-Dances of possession and summoning are common themes, and very important in many Traditional African Religions. They all share one common link: A call to a Spirit. These spirits can be the spirits of Plants or Forests, Ancestors, or Deities. The Orishas are the Deities found in many forms of African religion, Each orisha has their
favorite colors, days, times, foods, drinks, music, and dances. The dances will be used on special occasions to honor the orisha, or to seek help and guidance
– Griotic Dance not only represent historical documents, but they are ritual dramas and dances. The Dances often tell stories that are part of the oral history of a community.
– The dances of Initiation The dances of initiation, or rites of passage, are pervasive
throughout Africa and function as moments of definition in an individual’s life or sometimes key opportunities to observe potential marriage partners.
– Other ceremonial dances are the dances of love performed on weddings and anniversaries , dances of welcome to honor visitors, Royal Dances to honor Chiefs at festivals or royal funerals, Communal Dances reflecting life and particularities of a community
Traditions and dances
The following list is limited to a few well-known traditions and is continuously enriched by particular presentations of our contributors
(Ghana Efe , Benin and Togo Fon, Nigeria a part of Yorubas)
Vodun cosmology centers around the vodun spirits and other elements of divine essence that govern the Earth, a hierarchy that range in power from major deities governing the forces of nature and human society to the spirits of individual streams, trees, and rocks, as well as dozens of ethnic vodun,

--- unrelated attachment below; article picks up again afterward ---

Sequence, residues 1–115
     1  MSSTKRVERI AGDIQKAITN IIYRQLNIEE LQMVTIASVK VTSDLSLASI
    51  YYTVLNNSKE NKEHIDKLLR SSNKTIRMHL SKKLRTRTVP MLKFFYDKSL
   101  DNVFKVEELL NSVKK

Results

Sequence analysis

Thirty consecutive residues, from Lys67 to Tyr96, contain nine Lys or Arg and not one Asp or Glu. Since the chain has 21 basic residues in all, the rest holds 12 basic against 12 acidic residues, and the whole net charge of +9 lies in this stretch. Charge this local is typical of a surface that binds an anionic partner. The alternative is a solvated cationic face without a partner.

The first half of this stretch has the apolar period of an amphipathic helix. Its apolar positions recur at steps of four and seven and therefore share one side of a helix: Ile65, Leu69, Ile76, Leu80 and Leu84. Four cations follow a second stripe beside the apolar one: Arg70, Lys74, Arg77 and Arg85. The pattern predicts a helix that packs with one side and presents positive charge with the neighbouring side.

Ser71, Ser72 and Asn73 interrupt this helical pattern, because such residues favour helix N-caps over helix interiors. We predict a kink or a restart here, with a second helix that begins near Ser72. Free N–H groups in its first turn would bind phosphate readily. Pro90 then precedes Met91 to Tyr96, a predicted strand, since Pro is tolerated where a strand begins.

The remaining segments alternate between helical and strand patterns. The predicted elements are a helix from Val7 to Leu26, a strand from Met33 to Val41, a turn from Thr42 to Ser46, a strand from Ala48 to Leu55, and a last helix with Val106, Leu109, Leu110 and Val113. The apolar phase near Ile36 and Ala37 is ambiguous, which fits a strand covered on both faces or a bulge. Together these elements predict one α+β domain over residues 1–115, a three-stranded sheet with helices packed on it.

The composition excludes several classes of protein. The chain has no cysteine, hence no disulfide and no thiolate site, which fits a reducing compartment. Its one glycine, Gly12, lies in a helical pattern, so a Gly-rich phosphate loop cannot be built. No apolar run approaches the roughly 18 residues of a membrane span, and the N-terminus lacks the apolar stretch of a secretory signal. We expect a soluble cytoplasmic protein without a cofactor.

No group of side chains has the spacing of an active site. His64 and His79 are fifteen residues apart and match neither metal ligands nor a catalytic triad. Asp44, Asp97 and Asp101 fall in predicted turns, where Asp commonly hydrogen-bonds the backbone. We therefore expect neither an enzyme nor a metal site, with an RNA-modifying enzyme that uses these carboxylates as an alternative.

defenders of a certain clan, tribe, or nation. The vodun are the center of religious life. Adherents also emphasize ancestor worship and hold that the spirits of the dead live side by side with the world of the living, each family of spirits having its own female priesthood, sometimes hereditary when it’s from mother to blood daughter.
European colonialism, followed by some of the totalitarian regimes in West Africa, have tried to suppress Vodun as well as other traditional religions. However, because the vodun deities are born to each clan, tribe, and nation, and their clergy are central to maintaining the moral, social and political order and ancestral foundation of its village, these efforts have not been successful.
Recently there have been moves to restore the place of Vodun in national society, such as an Annual International Vodun Conference held in the city of Ouidah in Benin since 1991 See Video (credit : AfricaNews)
Suggested Reading :
General information on Vodoun ( A spirituality that cannot be elucidated) in french by Zekpa Laurent CID Member
Zinli is a funeral rhythm on the Abomey plateau (historic city of BENIN), which kept this initial role for a long time before also being included in the popular music register.
Prince Gbéyin, (futur king Glele of Dahomey ) created ZINLI in the 19th century on the occasion of the funerals of a friend of his father the king Guezo
It is principally a dance of body expression following a rhythm played by a few instruments
The Zinli is played with a drum vase which gave its name to the rhythm:
All this is accompanied by the sounds of gongs, rattles and clapping of the hands supported by songs and dances.
The renovation that the artist ALEKPEHANHOU (Great Artist of Zinli in Benin) created for it from the 1980s resulted that it spread around the world
CENTRAL AND SOUTHERN AFRICA